Interception Modernisation Programme

From Wikipedia, the free encyclopedia
Jump to navigation Jump to search

The Interception Modernisation Programme (IMP) is a UK government initiative to extend the government's capabilities for lawful interception and storage of communications data. It has been widely reported that the IMP's eventual goal is to store details of all UK communications data in a central database.[1]

The proposal is similar to the NSA Call Database (MAINWAY) established by GCHQ's American counterpart NSA and the Titan traffic database established by the Swedish National Defence Radio Establishment.[citation needed]

In 2008 plans were being made to collect data on all phone calls, emails, chatroom discussions and web-browsing habits as part of the IMP, thought likely to require the insertion of 'thousands' of black box probes into the country’s computer and telephone networks.[2] The proposals were expected to be included in the Communications Data Bill 2008. The "giant database" would include telephone numbers dialed, the websites visited and addresses to which e-mails are sent "but not the content of e-mails or telephone conversations."[3] Chris Huhne, the Liberal Democrat Home affairs spokesman said: "The government's Orwellian plans for a vast database of our private communications are deeply worrying."[4]

The Home Office denied reports that a prototype of the IMP had already been built.[5]

Reports in April 2009 suggest that the government has changed its public stance to one of using legal measures to compel communications providers to store the data themselves, and making it available for government to access, with then Home Secretary Jacqui Smith stating that "there are absolutely no plans for a single central store."[6]

The new plans are thought to involve spending £2bn on paying ISPs to install deep packet inspection equipment within their own networks, and obliging them to perform the cross-correlation and profiling of their users' behaviour themselves,[7] in effect achieving the original goals of the IMP by different means.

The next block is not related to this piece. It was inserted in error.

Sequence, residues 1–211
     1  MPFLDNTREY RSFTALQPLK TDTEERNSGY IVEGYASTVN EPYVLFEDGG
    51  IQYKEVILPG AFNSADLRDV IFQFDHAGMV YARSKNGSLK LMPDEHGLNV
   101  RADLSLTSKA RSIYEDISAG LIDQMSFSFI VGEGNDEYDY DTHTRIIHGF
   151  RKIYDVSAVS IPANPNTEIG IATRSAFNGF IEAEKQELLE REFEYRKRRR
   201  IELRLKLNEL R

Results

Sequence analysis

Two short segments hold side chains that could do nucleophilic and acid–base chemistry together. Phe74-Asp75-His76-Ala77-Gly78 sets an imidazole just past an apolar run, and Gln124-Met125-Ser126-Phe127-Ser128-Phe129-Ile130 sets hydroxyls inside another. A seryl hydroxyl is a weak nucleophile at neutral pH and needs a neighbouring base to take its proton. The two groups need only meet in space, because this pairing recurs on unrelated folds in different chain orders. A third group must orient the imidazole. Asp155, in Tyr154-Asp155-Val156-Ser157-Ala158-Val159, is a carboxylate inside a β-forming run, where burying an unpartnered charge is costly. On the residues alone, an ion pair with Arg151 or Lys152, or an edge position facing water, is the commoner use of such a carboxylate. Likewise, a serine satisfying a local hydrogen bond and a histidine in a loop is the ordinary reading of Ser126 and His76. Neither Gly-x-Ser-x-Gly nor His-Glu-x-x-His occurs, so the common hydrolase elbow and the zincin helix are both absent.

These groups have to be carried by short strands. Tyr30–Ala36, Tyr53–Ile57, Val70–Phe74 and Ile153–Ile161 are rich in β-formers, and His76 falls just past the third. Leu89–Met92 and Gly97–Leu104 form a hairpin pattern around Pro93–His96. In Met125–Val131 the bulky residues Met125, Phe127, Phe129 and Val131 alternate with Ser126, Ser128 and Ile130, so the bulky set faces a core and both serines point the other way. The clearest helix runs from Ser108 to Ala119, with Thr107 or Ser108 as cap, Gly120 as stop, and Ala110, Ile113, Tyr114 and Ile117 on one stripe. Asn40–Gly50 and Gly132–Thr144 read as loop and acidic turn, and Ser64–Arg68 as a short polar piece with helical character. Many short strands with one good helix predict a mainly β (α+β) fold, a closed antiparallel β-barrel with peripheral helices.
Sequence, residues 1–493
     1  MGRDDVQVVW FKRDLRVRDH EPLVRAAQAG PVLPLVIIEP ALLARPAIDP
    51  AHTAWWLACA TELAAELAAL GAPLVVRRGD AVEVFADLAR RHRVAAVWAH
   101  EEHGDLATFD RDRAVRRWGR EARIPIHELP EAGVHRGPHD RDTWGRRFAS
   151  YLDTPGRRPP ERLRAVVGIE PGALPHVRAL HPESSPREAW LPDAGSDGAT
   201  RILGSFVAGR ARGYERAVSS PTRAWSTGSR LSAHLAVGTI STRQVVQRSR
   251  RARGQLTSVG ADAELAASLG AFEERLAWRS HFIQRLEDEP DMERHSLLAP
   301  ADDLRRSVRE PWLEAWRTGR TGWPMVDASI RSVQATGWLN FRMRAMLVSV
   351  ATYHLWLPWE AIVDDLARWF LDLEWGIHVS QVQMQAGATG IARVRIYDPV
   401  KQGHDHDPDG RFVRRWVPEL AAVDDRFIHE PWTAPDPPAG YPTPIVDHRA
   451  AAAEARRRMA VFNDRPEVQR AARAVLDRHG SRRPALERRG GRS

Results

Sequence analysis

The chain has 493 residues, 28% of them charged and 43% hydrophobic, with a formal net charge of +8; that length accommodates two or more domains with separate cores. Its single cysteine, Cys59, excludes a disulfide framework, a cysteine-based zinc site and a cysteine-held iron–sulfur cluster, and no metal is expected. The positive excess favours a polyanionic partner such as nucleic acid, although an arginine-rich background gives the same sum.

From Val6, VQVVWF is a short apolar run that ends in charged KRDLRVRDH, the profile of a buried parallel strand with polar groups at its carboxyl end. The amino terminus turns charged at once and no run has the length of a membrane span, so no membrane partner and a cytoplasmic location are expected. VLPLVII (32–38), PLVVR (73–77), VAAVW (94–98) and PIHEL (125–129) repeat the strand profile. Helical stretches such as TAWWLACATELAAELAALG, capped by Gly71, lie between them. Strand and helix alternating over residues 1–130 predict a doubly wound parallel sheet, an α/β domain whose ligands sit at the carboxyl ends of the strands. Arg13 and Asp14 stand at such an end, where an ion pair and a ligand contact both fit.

A detailed analysis was published by the Policy Engagement Network of the London School of Economics[8] on 16 June 2009. The All Party Privacy Group held a hearing on IMP in the House of Commons on 1 July 2009.[9]

The UK's new coalition government has apparently revived the IMP[10] in their recent Strategic Defence and Security Review.[11] The new version of the IMP is known as the Communications Capabilities Development Programme.[12]

See also[edit]


  1. ^ Spy chiefs plot £12bn IT spree for comms überdatabase
  2. ^ Leppard, David (October 5, 2008). "There's no hiding place as spy HQ plans to see all". The Sunday Times. London. Retrieved 2009-02-08.
  3. ^ "Concern over giant database idea". BBC. October 15, 2008. Retrieved 2008-10-15. The government's terror watchdog has expressed concern about proposals for a giant database to store details of all phone calls, e-mails and internet use.
  4. ^ "Giant database plan 'Orwellian'". BBC. October 15, 2008. Retrieved 2008-10-17. Lib Dem home affairs spokesman Chris Huhne said: "The government's Orwellian plans for a vast database of our private communications are deeply worrying." "I hope that this consultation is not just a sham exercise to soft-soap an unsuspecting public."
  5. ^ Home Office denies prototype intercept database
  6. ^ Ian Dunt (27 Apr 2009). "Home Office rules out telephone surveillance database". Retrieved 2009-04-27.
  7. ^ to spend £2bn on ISP tracking
  8. ^ LSE IMP Briefing
  9. ^ APPG IMP Hearing Agenda 1 July 2009[permanent dead link]
  10. ^ A u-turn on reversing the surveillance state
  11. ^ Strategic Defence and Security Review Archived 2011-06-11 at the Wayback Machine.
  12. ^ Stewart Mitchell (February 20, 2012). "Anger over mass web surveillance plans". PC Pro.

External links[edit]